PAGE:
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Could your way of disciplining your child be considered abusive?

Parenting skills often come into question during custody disputes. This means that you can be called on to justify how you discipline your child. If your version of discipline seems abusive to the court, you can forget about getting custody. You might even be forced to endure supervised visitation.

What does Nebraska consider abusive treatment of a child? What is merely discipline when a child misbehaves? Here's some advice.

Forget about corporal punishment

Nebraska is among the states that forbid corporal punishment in schools -- which means that parents need to think twice before using it at home. Spanking and paddling have generally ceased to be socially acceptable. It's simply too easy to injure a child, and there's a lot of evidence that it's psychologically damaging and emotionally humiliating. Revoking privileges, time out, limiting electronics and other methods of punishing a child's misbehavior are usually much better options.

Be careful about creative punishments

Some parents get creative when they're disciplining a child. That can be okay, as long as you're cautious. Anything that deprives a child of clothing, food or shelter is legally abusive. For example, if your teenager is coming home late all the time, it's not a good idea to lock him or her out of the house for the night as a punishment.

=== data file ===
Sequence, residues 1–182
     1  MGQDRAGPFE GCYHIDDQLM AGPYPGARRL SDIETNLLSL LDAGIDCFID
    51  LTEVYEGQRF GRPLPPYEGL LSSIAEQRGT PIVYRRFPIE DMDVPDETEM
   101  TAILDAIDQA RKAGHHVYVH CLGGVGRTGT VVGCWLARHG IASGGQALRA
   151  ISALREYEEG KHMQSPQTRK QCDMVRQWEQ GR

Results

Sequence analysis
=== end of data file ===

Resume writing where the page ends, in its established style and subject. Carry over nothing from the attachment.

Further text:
Don't use public shaming

Public shaming has taken on new life in American culture, especially on the internet. Parents have filmed themselves humiliating their disobedient children in various ways -- everything from cutting off a daughter's hair to making a child hold up a failing report card for the camera -- and then posted the videos online.

That's a terribly bad idea. Those videos spread quickly and can't completely removed. Under the law, anything that can be interpreted as cruel or dangerous to a child's mental health is considered abusive under Nebraska's law.

If you're having trouble figuring out how to discipline an unruly child, don't let your frustration cost you custody. Talk with your family law attorney about what's acceptable or make an appointment with a family therapist for help.

Source: Nebraska Legislature, "Nebraska Revised Statute 28-707," accessed April 12, 2018

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